For Mary Ellen Clark, a typical day at work might involve working with live – and sometimes not very co-operative – horses, cats, dogs, cows and pigs, preparing tissues from bats, frogs, snakes, primates, mice, donkeys and zebras, assisting with all types of lab work, teaching and organizing grad students and discussing research plans with two professors.
Guessed her job title yet? Clark is a research technician in the Department of Pathobiology and one of last year’s two winners of the President’s Awards for Exemplary Staff Service Hidden Hero Award. The other was Barb Mitterer, administrative secretary in the Department of History.
Do you know a staff member at the University of Guelph who makes an outstanding contribution in some way? Do you know a team of employees who demonstrate excellence in their work? Here’s your chance to let them know how much they are appreciated. Nominations for this year’s President’s Awards are due May 1. For details about the categories and nomination forms, visit http://www.uoguelph.ca/president/exemplaryservice/.
Clark initially graduated from U of G with a B.Sc. in agriculture. After working for a time in Quebec, she married and returned to Guelph. Her first position was in animal science, but after 12 years there she took the position in pathobiology. That was 12 years ago.
Don’t bother asking her to describe a typical day, because they’re all different. Clark assists Profs. Jeff Caswell and Dorothee Bienzle in all aspects of their studies, as well as the grad students who are conducting research. She also has departmental tasks to complete.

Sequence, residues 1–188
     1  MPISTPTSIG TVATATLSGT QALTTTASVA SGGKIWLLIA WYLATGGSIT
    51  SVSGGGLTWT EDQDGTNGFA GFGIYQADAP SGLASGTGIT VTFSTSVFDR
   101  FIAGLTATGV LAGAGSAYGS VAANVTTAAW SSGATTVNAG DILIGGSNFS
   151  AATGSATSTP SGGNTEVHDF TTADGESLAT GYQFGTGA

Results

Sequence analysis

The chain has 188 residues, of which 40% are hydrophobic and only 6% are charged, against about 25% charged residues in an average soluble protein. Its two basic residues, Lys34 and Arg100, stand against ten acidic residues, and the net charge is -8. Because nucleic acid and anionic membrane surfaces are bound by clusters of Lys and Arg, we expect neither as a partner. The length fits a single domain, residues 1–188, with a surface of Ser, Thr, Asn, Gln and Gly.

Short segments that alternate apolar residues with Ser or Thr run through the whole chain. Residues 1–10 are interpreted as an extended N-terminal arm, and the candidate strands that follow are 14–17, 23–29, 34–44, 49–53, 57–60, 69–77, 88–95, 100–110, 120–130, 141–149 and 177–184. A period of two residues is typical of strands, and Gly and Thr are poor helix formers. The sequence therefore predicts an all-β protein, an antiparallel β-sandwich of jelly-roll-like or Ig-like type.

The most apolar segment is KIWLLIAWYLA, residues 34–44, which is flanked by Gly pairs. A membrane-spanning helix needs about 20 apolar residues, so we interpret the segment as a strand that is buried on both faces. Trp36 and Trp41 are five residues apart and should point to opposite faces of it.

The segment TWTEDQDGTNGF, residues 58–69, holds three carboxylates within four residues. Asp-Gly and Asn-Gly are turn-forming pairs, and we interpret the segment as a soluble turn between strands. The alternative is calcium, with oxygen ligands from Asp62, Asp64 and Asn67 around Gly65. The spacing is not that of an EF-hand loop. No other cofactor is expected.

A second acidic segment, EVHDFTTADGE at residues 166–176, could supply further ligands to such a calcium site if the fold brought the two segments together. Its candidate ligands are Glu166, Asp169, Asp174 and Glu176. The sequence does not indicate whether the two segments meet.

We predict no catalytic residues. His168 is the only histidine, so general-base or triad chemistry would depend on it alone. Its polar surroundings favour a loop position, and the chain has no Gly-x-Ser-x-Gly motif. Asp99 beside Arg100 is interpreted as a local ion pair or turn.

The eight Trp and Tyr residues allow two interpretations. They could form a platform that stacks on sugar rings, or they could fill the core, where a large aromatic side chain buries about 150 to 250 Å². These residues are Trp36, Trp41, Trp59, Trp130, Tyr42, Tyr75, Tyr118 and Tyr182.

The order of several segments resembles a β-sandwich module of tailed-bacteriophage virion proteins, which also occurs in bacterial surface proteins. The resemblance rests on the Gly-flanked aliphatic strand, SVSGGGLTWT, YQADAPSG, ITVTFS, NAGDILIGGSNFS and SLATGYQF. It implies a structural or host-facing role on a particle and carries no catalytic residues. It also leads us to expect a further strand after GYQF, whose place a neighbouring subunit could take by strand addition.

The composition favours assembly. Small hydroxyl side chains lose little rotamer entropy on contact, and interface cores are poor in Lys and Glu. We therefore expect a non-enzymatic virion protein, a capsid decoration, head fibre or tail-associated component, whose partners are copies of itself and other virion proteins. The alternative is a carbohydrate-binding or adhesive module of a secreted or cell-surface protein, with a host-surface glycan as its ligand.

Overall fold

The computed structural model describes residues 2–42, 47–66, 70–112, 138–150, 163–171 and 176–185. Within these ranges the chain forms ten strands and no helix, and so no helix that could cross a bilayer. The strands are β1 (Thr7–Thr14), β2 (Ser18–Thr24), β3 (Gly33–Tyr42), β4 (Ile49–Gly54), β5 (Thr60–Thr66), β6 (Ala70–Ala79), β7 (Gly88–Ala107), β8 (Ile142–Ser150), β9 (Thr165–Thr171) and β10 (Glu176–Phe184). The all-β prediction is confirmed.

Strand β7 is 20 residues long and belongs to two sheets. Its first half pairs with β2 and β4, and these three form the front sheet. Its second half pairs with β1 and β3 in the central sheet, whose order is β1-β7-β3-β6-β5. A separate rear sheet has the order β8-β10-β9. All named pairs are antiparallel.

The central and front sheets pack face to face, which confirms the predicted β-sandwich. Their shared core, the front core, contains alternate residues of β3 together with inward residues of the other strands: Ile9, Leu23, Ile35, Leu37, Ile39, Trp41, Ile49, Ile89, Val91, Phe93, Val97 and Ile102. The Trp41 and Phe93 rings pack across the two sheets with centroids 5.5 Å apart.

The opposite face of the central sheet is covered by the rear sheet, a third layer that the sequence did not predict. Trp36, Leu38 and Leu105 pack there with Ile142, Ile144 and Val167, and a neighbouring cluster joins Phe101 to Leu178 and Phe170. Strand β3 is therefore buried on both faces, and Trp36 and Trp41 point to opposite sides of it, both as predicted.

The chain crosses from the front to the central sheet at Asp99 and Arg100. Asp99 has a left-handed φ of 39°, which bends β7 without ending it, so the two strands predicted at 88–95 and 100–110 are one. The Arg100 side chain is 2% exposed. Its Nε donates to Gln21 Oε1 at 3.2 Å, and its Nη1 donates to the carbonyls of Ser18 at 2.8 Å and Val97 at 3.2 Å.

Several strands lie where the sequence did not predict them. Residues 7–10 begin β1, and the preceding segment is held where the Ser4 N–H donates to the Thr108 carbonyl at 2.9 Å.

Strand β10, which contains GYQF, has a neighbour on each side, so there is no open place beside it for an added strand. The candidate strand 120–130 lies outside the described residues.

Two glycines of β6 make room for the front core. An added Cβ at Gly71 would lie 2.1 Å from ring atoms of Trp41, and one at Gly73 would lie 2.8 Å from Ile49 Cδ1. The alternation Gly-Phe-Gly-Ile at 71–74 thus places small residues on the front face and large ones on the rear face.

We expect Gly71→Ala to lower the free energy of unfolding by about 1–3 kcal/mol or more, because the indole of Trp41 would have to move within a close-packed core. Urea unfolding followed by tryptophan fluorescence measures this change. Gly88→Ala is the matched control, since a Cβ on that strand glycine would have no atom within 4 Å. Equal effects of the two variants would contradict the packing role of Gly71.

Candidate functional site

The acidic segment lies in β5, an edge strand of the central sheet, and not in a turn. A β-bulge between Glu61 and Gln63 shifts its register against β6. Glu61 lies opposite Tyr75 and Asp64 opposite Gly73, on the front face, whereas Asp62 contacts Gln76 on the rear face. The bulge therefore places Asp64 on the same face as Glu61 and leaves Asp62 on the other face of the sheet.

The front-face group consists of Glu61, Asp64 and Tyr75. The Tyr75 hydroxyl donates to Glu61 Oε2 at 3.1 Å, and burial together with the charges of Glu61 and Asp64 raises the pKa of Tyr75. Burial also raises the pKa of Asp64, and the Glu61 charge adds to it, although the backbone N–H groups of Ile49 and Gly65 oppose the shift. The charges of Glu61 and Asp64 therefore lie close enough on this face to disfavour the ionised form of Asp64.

It can be daunting to try to keep a horse or cow still while a tube is passed into its nostrils and down to its lungs, as she has had to do for some research. Much of her time, though, is spent in the lab and working with graduate students. “I enjoy the interaction with the students,” she says.
When Clark was nominated for the Hidden Hero Award, she says she was shocked. “When I saw the nomination letters, I couldn’t believe they were talking about me,” she says. “I had to go back to the top of the page and double check to see if it was the right Mary Ellen.”
The letters tell the story of a staff member who truly makes a difference. One former student wrote that she didn’t fully appreciate the efforts Clark made to help her, and the outstanding lab skills she taught until later. It was only when the student began working at a different university that she saw how Clark’s guidance and instruction gave her a better understanding of the research process. She ended her nomination letter with: “It occurs to me now that I did not thank Mary Ellen enough for all she taught me and for everything she helped make possible for me.”
Even students who weren’t part of Clark’s lab have benefitted from her help. One had mentioned in passing that she was planning on troubleshooting a certain procedure. Clark showed up to look for the student a few hours later to make sure the process was successful and helped the student resolve another problem as well.
Reading the letters has been heartwarming for Clark. “It is nice to see that people recognize what you do,” Clark says. “I feel like I am just doing my job, but it is good to know that doing my job well really matters.”
When she’s not setting up machines in the lab or helping students and professors sort out research, Clark enjoys hiking, dancing, yoga and oil-painting. Her two children are now in their 20s and both live in Ottawa.
For Clark, being recognized for her work has motivated her to try to do even more for the students and faculty she supports. “Being nominated for this award and reading the letters people wrote was emotional, but it also helped me to learn what mattered to people. It puts a little pressure on me to try to do better.”